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Phillies, NL East: National Predictions for 2020

 

By Tal Venada, Sports Talk Philly Contributor

For the doubting Thomases among the Philadelphia Phillies fan base, these forecasts validate their thinking, and a five-game struggle (not losing streak) by mid-August (22 contests) will have some searching for the exit. Last year, it took two months. 

 

Masked 60:

Since 2012, some Phillies faithful consider the National League East predictions with a shrug. However, Atlanta Braves fans were upset by one 2019 forecast of 79 victories. They finished, though, with 97 triumphs, so one site had dramatically underestimated them.

IN OTHER WORDS:

“Perhaps the safest prediction we can make about the future is that it will surprise us.” - George Leonard

With the rescheduled four games against the New York Yankees, hope temporarily avoided a wound. But it demonstrated the fragility and luck of a 60-contest season amid the pandemic. Now, the MLB is adding new safeguards after one franchise had four positive tests for COVID-19 before the series finale.                   

Besides the normal injuries, players will tweak something due to hurriedly getting ready for ‘20 from a late summer-camp start or will catch the coronavirus itself. Ergo, missing stars can change an organization’s fortunes after Opening Day or during the final two weeks of September.

2020 Predictions:

  • One: FanGraphs
  • Two: Davenport
  • Three: Pecota (Baseball Prospectus)
  • Four:  FiveThirtyEight
  • Avg.1: RotoChamp (Avg. of 1-4)
  • Avg. Wins of 1-5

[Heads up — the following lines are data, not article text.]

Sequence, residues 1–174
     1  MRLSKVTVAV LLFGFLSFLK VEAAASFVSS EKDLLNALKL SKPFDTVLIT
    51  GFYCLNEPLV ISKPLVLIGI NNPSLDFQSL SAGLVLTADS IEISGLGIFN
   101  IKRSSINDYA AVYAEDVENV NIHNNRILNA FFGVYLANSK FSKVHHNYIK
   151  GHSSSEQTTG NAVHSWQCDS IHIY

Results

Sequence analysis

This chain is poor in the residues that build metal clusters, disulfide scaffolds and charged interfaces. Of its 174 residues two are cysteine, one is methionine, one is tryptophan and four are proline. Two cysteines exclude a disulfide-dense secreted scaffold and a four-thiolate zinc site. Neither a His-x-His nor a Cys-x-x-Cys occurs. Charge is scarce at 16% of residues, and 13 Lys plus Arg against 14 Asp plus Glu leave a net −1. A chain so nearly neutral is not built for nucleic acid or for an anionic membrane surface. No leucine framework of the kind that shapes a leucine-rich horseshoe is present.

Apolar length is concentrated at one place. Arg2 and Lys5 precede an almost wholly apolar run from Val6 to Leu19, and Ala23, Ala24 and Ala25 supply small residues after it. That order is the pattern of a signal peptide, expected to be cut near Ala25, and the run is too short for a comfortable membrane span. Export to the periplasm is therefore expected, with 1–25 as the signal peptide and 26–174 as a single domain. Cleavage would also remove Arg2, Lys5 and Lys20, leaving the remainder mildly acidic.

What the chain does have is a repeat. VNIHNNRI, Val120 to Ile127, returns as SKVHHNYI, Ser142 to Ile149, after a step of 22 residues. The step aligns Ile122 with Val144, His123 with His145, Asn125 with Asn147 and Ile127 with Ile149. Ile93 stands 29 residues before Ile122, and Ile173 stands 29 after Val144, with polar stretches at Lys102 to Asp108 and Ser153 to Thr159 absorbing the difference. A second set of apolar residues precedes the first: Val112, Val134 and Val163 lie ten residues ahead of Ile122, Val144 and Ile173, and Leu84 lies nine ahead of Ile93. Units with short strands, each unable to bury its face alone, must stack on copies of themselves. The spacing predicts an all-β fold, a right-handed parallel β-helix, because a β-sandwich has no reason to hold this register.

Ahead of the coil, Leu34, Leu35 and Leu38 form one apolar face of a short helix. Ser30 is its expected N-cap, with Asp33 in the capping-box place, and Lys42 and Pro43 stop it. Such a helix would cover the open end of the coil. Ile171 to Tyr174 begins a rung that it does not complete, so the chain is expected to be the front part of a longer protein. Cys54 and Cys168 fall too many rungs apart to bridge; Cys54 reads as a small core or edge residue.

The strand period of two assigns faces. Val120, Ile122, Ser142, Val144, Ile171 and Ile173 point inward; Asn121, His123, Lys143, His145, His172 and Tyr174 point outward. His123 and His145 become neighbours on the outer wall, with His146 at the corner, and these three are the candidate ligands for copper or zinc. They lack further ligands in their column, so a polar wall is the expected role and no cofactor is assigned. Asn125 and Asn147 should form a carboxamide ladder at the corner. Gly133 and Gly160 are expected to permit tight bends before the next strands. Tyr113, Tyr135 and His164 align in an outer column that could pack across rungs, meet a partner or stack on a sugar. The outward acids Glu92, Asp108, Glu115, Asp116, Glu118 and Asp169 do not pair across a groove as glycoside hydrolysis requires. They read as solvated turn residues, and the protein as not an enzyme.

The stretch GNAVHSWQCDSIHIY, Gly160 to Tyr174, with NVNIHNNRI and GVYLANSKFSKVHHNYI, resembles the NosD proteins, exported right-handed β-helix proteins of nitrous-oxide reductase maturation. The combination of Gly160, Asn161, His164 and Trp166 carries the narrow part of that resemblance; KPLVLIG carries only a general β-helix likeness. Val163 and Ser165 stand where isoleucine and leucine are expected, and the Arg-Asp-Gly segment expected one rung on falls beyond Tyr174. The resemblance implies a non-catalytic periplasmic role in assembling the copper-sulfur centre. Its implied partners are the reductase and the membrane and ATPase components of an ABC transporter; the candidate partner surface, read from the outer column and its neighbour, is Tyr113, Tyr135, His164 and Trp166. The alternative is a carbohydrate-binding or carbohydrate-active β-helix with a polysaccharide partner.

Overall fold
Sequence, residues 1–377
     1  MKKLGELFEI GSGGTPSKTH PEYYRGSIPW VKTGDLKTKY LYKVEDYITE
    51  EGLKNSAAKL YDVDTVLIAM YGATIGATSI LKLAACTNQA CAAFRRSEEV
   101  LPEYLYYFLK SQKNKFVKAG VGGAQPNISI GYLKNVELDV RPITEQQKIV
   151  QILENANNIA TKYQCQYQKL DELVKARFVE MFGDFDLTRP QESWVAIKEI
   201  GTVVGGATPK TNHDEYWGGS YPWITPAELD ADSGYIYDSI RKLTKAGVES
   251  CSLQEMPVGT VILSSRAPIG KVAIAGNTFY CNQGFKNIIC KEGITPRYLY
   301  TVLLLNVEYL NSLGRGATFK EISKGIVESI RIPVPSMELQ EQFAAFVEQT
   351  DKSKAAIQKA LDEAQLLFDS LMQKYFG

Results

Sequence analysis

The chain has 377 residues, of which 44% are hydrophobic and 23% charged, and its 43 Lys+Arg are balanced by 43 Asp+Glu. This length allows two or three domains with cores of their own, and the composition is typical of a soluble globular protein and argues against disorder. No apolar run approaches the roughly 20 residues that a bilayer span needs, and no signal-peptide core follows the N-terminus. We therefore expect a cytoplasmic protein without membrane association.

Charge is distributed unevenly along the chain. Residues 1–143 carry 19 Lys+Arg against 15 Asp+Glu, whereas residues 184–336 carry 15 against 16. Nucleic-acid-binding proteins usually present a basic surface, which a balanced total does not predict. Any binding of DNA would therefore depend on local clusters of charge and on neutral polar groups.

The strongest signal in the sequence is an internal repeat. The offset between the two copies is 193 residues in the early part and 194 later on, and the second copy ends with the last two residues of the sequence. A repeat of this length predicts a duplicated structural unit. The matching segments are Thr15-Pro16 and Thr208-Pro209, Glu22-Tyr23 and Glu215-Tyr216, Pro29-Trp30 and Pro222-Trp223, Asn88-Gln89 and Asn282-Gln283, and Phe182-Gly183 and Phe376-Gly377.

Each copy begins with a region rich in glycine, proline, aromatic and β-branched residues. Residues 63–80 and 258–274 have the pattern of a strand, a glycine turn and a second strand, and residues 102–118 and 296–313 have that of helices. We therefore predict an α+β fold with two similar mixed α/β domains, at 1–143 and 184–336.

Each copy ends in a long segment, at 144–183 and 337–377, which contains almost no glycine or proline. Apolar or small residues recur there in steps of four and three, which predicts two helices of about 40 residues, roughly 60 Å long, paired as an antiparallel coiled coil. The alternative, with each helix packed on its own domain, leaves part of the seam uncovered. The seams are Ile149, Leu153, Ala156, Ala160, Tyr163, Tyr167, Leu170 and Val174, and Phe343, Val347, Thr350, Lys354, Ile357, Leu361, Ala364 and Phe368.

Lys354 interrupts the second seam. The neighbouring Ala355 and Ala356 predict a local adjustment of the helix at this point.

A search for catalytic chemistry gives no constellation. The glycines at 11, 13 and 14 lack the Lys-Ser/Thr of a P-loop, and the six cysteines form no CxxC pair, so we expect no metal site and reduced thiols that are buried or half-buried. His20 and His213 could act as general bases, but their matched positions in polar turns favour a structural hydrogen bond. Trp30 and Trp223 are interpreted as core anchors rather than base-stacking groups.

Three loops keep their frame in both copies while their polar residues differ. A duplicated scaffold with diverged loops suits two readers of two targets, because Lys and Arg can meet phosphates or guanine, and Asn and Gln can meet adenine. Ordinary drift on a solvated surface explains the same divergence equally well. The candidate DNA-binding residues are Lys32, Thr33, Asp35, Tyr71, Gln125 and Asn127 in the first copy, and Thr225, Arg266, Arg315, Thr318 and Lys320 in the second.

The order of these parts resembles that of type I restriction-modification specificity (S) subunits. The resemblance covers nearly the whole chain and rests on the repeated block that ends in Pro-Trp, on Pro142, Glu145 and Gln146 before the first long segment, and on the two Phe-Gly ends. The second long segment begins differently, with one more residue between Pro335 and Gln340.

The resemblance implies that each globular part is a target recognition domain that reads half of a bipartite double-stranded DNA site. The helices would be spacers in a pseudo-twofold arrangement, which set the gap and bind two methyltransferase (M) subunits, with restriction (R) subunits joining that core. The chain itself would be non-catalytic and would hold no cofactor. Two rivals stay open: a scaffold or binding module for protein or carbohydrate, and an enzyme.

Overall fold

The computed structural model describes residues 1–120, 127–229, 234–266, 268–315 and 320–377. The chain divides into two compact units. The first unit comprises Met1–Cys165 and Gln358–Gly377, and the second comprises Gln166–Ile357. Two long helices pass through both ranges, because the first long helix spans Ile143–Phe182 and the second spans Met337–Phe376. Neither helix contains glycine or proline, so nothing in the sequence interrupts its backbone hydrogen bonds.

NL East

ONE

TWO

THREE

FOUR  

AVG. 1  

AVG. WINS

Nationals 

33-27  

33-27  

32.9-27.1  

34-26

33-27

165.9 = 33.2 

Braves

33-27

32-28

30.4-29.6

32-28

32-28

159.4 = 31.9

Mets

33-27

31-29

32.2-27.8

32-28

33-27

161.2 = 32.2

Phillies

30-30

30-30

28.3-31.7

29-31

29-31

146.3 = 29.3

AL East

ONE

TWO

THREE

FOUR

AVG. 1

AVG. WINS

Yankees

34-26

36-24

36.5-23.5

36-24

36-24

178.5 = 35.7

Rays

33-27

33-27

32.4-27.6

33-27

33-27

164.4 = 32.9

Red Sox

30-30

30-30

30.0-30.0   

30-30

31-29

152.0 = 30.4

Blue Jays

28-32

28-32

28.3-31.7

27-33

27-33

137.3 = 27.5

 

Rotations:

Despite a 1-2 record, the red pinstripes’ five-man staff with Aaron Nola and Zack Wheeler compares favorably to Atlanta’s and the New York Mets’ hurlers. Basically, Wheeler with a newborn son and Nola looking to better his 2019 stats will likely be extra careful healthwise.     

General manager Matt Klentak had Vince Velasquez and Spencer Howard starting on the same day. Translation: 2-3 poor outings by Velasquez could open the bullpen gate for him to join Nick Pivetta. Meanwhile, Jake Arrieta and Zach Eflin round out the rotation.    

While the Washington Nationals’ staff is the same, Stephen Strasburg had felt hand numbness for weeks during throwing sessions even before camp 2.0. And he will miss his second start also due to tingling in his thumb during light throwing. For now, this leaves the Nats with Max Scherzer and Patrick Corbin atop the rotation.   

NL East  Rotations:

  • Nationals: Stephen Strasburg (thumb numbness when pitching).
  • Mets: Noah Syndergaard (out for 2020) and Marcus Stroman (out until early August with a calf muscle tear).
  • Braves: Cole Hamels (45-day IL) and Mike Foltynewicz (DFA).

After Jacob DeGrom, the Metropolitans numerically from ‘19 have Steven Matz (4.21 ERA), Rick Porcello (5.52 ERA) and Michael Wacha (4.76 ERA). Ergo, DeGrom and Stroman are their one-two punch, while the others have only had slightly better campaigns recently: This is who they are now.    

Atop the Braves’ five-man staff, Mike Soroka (35 starts) with a 2.68 ERA and Max Fried (40 starts) with a 4.02 ERA head the five-man staff with those 2019 stats. And the rest of the rotation has minimal experience except for Sean Newcomb (54 starts), unless Jhoulys Chacin, their waiver claim, with a 5.79 ERA slots fourth.

Bullpen: